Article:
Brexit, it has often been opined, means Brexit. Now, I am as big a fan of a good alliteration as the next man, but this famous, much-parsed phrase is a gem of open-ended political rhetoric.
We can all project on to its calculated ambiguity whatever we wish Brexit to be – soft, hard, open, closed, red, white or blue. Brexit. It’s bold. It’s barmy. It’s brilliant. It’s bonkers. It’s British.
But what does farming mean in Brexit Britain? I know what it should mean. To me, farming means food.
As the UK formulates its own agricultural policy for the first time since the 1970s, it’s vital the core business of farming isn’t neglected in deference to ancillary concerns.
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Perusing the manifestos of the two main parties earlier this summer, I was unsurprised to discover neither seemed to give much shrift to boring old food production.
The Conservatives promised legions of “environmental experts” to advise on planting hedgerows and dry stone wall restoration.
Labour, by contrast, sought to prioritise a unilateral ban on neonicotinoids and abandonment of the badger cull.
Theresa May’s team pledged to protect ancient woodland; the Corbynistas to plant 1m vigorous new trees – perhaps a subliminal nod to their core voting demographics.
“Agricultural” policy is no longer directed at agriculturalists; it’s a sop to the urban vote and Michael Gove’s “green Brexit” speech of 21 July was a distillation of this dangerous, misguided approach.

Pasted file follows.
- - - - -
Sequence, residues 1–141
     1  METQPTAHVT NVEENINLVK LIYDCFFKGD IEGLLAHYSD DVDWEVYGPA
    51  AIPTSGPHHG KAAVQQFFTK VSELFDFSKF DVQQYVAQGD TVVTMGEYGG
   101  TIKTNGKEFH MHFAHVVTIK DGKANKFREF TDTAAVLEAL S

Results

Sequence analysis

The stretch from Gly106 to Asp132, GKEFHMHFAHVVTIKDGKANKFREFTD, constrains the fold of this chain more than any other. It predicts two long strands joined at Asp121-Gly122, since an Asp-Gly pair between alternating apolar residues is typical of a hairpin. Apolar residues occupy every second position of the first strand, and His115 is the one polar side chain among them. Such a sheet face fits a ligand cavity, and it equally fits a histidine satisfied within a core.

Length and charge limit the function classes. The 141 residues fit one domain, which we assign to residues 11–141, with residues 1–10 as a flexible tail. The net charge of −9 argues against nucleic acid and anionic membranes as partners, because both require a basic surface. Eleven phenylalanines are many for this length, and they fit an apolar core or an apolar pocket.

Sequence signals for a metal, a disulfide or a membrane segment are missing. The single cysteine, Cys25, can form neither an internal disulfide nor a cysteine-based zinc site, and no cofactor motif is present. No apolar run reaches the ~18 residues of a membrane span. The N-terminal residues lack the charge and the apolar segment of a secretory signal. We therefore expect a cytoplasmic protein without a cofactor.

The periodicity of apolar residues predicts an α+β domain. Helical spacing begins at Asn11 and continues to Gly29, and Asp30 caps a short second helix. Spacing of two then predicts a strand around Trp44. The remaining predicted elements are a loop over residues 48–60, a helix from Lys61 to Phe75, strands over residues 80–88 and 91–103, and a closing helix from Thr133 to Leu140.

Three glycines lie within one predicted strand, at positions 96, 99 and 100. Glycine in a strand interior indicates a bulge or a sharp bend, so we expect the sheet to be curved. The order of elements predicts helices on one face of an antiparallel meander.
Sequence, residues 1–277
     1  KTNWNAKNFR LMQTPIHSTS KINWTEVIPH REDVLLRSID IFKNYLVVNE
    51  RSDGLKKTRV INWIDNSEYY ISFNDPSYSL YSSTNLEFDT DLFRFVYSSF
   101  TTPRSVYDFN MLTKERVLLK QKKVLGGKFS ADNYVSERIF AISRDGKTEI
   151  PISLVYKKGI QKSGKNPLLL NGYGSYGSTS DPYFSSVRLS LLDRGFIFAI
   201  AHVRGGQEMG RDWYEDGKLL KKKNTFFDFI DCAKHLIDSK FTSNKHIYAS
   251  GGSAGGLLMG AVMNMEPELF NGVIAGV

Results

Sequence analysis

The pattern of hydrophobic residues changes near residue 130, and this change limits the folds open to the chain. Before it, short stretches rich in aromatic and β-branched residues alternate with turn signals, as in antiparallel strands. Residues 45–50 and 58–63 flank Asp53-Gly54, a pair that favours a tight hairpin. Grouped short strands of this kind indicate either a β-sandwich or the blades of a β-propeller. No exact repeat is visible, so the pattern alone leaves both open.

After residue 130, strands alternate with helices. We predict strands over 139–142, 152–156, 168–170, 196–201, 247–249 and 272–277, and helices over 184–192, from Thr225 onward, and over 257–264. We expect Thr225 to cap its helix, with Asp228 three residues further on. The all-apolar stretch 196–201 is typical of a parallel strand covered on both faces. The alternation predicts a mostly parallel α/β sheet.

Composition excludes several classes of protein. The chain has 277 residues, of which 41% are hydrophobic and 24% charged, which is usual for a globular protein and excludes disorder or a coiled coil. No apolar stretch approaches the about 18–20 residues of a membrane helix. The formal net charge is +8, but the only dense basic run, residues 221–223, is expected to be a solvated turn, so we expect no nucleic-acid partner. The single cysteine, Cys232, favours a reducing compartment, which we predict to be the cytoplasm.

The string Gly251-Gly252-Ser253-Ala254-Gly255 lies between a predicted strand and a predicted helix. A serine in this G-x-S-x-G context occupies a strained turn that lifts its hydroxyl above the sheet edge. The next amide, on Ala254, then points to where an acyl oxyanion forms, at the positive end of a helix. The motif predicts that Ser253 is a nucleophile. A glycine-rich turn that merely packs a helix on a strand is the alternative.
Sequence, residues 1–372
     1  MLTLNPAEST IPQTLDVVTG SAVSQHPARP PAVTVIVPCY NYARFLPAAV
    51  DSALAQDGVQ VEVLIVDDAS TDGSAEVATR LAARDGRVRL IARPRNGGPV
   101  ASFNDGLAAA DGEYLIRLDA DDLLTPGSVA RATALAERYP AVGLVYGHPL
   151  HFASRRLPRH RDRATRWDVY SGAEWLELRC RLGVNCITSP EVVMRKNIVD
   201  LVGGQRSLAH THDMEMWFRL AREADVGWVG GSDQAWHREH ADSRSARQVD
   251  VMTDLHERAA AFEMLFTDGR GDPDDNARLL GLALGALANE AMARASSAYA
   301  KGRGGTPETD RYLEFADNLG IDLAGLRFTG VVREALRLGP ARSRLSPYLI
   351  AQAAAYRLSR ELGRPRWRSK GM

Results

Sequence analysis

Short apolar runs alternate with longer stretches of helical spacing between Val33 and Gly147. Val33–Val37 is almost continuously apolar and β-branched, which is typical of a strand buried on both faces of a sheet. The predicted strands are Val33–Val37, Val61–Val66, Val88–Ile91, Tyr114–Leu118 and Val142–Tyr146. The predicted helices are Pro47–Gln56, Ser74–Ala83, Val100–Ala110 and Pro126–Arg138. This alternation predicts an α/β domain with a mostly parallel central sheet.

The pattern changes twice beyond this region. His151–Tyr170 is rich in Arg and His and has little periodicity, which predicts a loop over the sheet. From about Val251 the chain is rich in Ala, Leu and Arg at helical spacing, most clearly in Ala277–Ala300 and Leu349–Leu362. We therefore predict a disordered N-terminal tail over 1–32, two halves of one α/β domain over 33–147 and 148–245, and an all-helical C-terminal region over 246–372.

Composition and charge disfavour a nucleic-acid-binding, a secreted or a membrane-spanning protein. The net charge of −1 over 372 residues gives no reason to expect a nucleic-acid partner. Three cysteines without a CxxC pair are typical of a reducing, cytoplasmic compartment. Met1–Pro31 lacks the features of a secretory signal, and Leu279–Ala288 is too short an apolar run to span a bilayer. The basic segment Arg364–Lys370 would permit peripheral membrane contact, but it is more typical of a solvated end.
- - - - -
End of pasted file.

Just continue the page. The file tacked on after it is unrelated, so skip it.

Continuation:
Don’t misunderstand me; my farm has umpteen kilometres of aged and newly established hedges.
We’ve spent many thousands of pounds restoring miles of our magnificent Charnwood dry stone walls and put dozens of hectares into the National Forest.
We are firm advocates of farm agri-environment schemes. We, like most, are responsible farmers. But all this must serve as an adjunct to our prime objective as British farmers: unapologetically producing food for the nation.
Food security does not figure in our political discourse, despite the fact the UK is only 62% self-sufficient, and declining. MPs and government ministers, including Owen Paterson and Michael Gove, have loudly proclaimed one of the benefits of the Brexit settlement should be the abandonment, unilaterally if necessary, of all import tariffs on food to reduce household expenditure.
Farmers shall be supported and encouraged to deliver “public goods” such as beetle banks, skylark plots and bat boxes. But not food. Ponder that: not food.
We Brits are rightfully proud of our history; twice in the 20th century we were imperilled as a result of maritime blockades of our island nation.
Would it not be an act of supreme folly to actually design policy that reduces our ability to feed ourselves in the face of escalating geopolitical tensions and global climate change? Society is only a handful of missed meals away from anarchy; I have never heard of a riot caused by a lack of nectar flower mix.
I’m certainly not asking for a British Agricultural Policy promoting an economically nonsensical autarky, but government’s prime responsibility is the safety and security of its citizenry.
Policymakers should stop hiding behind the easy popularity of “what the public wants” and accept that “what the public needs” is a secure source of traceable, affordable, top-quality food produced domestically to the highest standards – with, yes, a close eye on environmental stewardship and best practice.
But farming doesn’t mean flora and fauna, farming means food. Farming means farming.